Race and ethnicity in the United States

Race and ethnicity in the United States is a complex topic because the United States of America has a racially and ethnically diverse population.[1] At the federal level, race and ethnicity have been categorized separately.

The most recent United States Census officially recognized five racial categories (White American, Black or African American, Native American and Alaska Native, Asian American, and Native Hawaiian and Other Pacific Islander) as well as people of two or more races.[2][3][4] The Census Bureau also classified respondents as "Hispanic or Latino" or "Not Hispanic or Latino", identifying Hispanic and Latino as an ethnicity (not a race), which comprises the largest minority group in the nation.[2][3][5] The United States Supreme Court unanimously held that "race" is not limited to Census designations on the "race question" but extends to all ethnicities, and thus can include Jewish, Arab, Hungarian, Laotian, Zulu, etc.[6] The Census also asked an "Ancestry Question," which covers the broader notion of ethnicity, in the 2000 Census long form and the American Community Survey; the question will return in the 2020 Census.[7]

As of July 2016, White Americans are the racial majority. African Americans are the largest racial minority, comprising an estimated 12.7% of the population. Hispanic and Latino Americans are the largest ethnic minority, comprising an estimated 17.8% of the population.[8] The White, non-Hispanic or Latino population make up 61.3% of the nation's total, with the total White population (including White Hispanics and Latinos) being 76.9%.[9]

White Americans are the majority in every census-defined region (Northeast, Midwest, South, West) and in every state except Hawaii,[8] but contribute the highest proportion of the population in the Midwestern United States, at 85% per the Population Estimates Program (PEP)[4] or 83% per the American Community Survey (ACS).[10][verification needed] Non-Hispanic Whites make up 79% of the Midwest's population, the highest ratio of any region.[5] However, 35% of White Americans (whether all White Americans or non-Hispanic/Latino only) live in the South, the most of any region.[4][5]

Currently, 55% of the African American population lives in the South.[4] A plurality or majority of the other official groups reside in the West. The latter region is home to 42% of Hispanic and Latino Americans, 46% of Asian Americans, 48% of American Indians and Alaska Natives, 68% of Native Hawaiians and Other Pacific Islanders, 37% of the "two or more races" population (Multiracial Americans), and 46% of those self-designated as "some other race".[4][11]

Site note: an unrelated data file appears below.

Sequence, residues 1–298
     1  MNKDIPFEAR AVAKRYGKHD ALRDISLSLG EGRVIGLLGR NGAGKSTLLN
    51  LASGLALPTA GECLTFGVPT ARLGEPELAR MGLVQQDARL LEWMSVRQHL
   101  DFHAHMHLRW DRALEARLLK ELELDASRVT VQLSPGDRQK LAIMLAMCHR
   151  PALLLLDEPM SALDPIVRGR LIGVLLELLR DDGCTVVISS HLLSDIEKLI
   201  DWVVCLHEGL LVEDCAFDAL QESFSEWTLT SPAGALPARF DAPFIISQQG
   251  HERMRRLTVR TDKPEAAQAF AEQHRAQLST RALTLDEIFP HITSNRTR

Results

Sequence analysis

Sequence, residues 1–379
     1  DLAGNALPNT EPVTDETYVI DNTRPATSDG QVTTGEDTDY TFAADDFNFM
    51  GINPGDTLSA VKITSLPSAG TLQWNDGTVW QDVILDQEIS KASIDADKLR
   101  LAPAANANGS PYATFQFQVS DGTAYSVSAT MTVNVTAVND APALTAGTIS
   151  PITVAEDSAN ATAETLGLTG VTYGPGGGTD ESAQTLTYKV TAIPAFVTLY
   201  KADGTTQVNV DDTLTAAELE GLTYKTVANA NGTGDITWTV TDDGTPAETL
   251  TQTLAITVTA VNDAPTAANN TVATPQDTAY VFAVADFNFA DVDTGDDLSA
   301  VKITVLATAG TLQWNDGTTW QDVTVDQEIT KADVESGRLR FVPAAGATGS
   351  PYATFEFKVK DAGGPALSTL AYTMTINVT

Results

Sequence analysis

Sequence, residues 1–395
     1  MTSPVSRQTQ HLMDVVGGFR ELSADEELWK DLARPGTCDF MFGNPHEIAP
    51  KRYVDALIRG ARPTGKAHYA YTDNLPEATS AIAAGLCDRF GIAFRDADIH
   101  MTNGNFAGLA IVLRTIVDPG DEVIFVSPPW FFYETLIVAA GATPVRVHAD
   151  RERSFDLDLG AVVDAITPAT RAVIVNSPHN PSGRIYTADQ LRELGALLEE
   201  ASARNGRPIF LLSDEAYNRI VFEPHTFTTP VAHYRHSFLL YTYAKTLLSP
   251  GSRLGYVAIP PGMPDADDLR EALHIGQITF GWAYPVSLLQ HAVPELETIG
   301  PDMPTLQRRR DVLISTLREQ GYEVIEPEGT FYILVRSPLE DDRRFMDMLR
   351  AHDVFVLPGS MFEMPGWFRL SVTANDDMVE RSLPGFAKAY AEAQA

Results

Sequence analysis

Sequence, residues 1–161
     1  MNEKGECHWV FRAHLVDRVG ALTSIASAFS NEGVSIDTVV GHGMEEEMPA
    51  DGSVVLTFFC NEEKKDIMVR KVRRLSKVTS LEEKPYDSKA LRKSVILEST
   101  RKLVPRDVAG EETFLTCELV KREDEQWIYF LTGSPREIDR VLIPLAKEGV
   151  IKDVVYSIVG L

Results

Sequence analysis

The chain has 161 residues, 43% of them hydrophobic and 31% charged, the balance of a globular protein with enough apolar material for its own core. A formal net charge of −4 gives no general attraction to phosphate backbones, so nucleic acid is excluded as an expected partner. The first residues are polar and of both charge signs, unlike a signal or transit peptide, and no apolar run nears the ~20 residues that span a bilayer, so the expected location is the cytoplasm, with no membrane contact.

Racial and ethnic categories

Racial categories

2010 U.S Census[12]Table 1[13]
Self-identified race Percent of population
White
72.4%
Hispanic and Latino Americans (of any race)
16.3%
Black or African American
12.6%
Asian
4.8%
Native Americans and Alaska Natives
0.9%
Native Hawaiians and Other Pacific Islanders
0.2%
Two or more races
2.9%
Other
6.2%

The first United States Census in 1790 classed residents as "free white" people (divided by age and sex), "all other free persons" (reported by sex and color), and "slaves". The 2000 Census officially recognized six racial categories including people of two or more races; a category called "some other race" was also used in the census and other surveys, but is not official.[2][3][4] In the 2000 Census and subsequent Census Bureau surveys, Americans self-described as belonging to these racial groups:[3]

Each person has two identifying attributes, racial identity and whether or not they are of Hispanic ethnicity.[17] These categories are sociopolitical constructs and should not be interpreted as being scientific or anthropological in nature.[2] They have been changed from one census to another, and the racial categories include both "racial" and national-origin groups.[18][19]

In 2007, the Equal Employment Opportunity Commission of the US Department of Labor finalized the update of its EEO-1 report[20] format and guidelines concerning the definitions of racial/ethnic categories.

Census Designated Ethnicities: Hispanic or Latino origin

The question on Hispanic or Latino origin is separate from the question on race.[3][21] Hispanic and Latino Americans have ethnic origins in the countries of Latin America and the Iberian Peninsula. Latin American countries are, like the United States, racially diverse.[22] Consequently, no separate racial category exists for Hispanic and Latino Americans, as they do not constitute a race, nor a national group. When responding to the race question on the census form, each person is asked to choose from among the same racial categories as all Americans, and are included in the numbers reported for those races.[23]

Each racial category may contain Non-Hispanic or Latino and Hispanic or Latino Americans. For example: the White or European-American race category contains Non-Hispanic Whites and Hispanic Whites (see White Hispanic and Latino Americans); the Black or African-American category contains Non-Hispanic Blacks and Hispanic Blacks (see Black Hispanic and Latino Americans); the Asian-American category contains Non-Hispanic Asians and Hispanic Asians (see Asian Hispanic and Latino Americans); and likewise for all the other categories. See the section on Hispanic and Latino Americans in this article.

Self-identifying as both Hispanic or Latino and not Hispanic or Latino is neither explicitly allowed nor explicitly prohibited.[2]

Ethnicity, national origin, and cultural groups (generally not mentioned is census data)